Reusing zips, buttons and logos from designer brands to create new clothing is a hit with consumers but it’s a risky business, find Beatrice Martinet and Natalie Bize of Sideman & Bancroft.
With consumers’ growing environmental consciousness and desire for a more sustainable fashion industry, the idea of offering a “second-life” to pre-worn clothing has garnered tremendous success.
A quick search on Etsy or a scroll through Instagram quickly reveals boutique after boutique offering “upcycled” jewellery and accessories incorporating pieces from prominent luxury brands.
These pieces generally include buttons, zippers, and other hardware from designer clothing and bags reworked into jewellery pieces, luxury bags cut into strips to create watch bands and wristlet keychains, and dust bags being added as patches to denim jackets and other clothing items.
According to Vogue, upcycling is the biggest fashion trend of 2021.
Despite the valid, socially conscious reasons spurring the growth of the upcycling movement, it is hard to deny that another likely reason for the flourishing trend is the allure of the appearance of luxury fashion at non-luxury prices.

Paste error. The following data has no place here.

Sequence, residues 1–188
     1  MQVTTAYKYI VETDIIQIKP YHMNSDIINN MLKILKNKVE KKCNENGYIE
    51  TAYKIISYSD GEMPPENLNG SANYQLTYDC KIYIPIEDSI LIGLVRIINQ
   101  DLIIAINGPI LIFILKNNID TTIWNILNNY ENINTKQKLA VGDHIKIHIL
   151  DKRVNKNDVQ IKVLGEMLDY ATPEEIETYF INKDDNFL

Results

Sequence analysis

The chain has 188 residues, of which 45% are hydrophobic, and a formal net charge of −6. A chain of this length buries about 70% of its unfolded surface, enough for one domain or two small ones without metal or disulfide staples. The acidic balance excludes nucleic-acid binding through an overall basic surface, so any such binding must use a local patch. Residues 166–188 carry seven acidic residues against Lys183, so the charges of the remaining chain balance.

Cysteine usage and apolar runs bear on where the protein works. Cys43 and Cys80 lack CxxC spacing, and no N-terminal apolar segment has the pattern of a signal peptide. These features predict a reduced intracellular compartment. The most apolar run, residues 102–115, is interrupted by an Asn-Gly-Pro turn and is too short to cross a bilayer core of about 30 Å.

Not surprisingly, some rights holders have grown concerned about these unauthorised uses of their trademarks. The trend is potentially damaging to the image of their brand and simply denies the brand owner the opportunity to control the distribution of their goods. The question arises: where should the line be drawn between the freedom to compete in the open market and “riding on the coattails” of prominent brands who have expended significant resources to establish recognition of their logos?
In this article, we will discuss the unique set of legal issues upcycling introduces, particularly when it comes to brands protecting their own trademark rights, and review how courts in the US and in Europe have interpreted the different interests at stake, in order to offer guidelines to brands, large and small, to limit legal risks.